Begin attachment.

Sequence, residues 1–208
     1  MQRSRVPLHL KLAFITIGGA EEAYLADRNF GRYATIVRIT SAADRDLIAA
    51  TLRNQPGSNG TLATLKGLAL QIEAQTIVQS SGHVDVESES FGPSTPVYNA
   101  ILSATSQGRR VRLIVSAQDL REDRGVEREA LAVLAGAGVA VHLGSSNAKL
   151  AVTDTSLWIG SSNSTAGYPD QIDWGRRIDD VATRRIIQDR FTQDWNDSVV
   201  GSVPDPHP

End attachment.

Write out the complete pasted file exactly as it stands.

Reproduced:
Sequence, residues 1–208
     1  MQRSRVPLHL KLAFITIGGA EEAYLADRNF GRYATIVRIT SAADRDLIAA
    51  TLRNQPGSNG TLATLKGLAL QIEAQTIVQS SGHVDVESES FGPSTPVYNA
   101  ILSATSQGRR VRLIVSAQDL REDRGVEREA LAVLAGAGVA VHLGSSNAKL
   151  AVTDTSLWIG SSNSTAGYPD QIDWGRRIDD VATRRIIQDR FTQDWNDSVV
   201  GSVPDPHP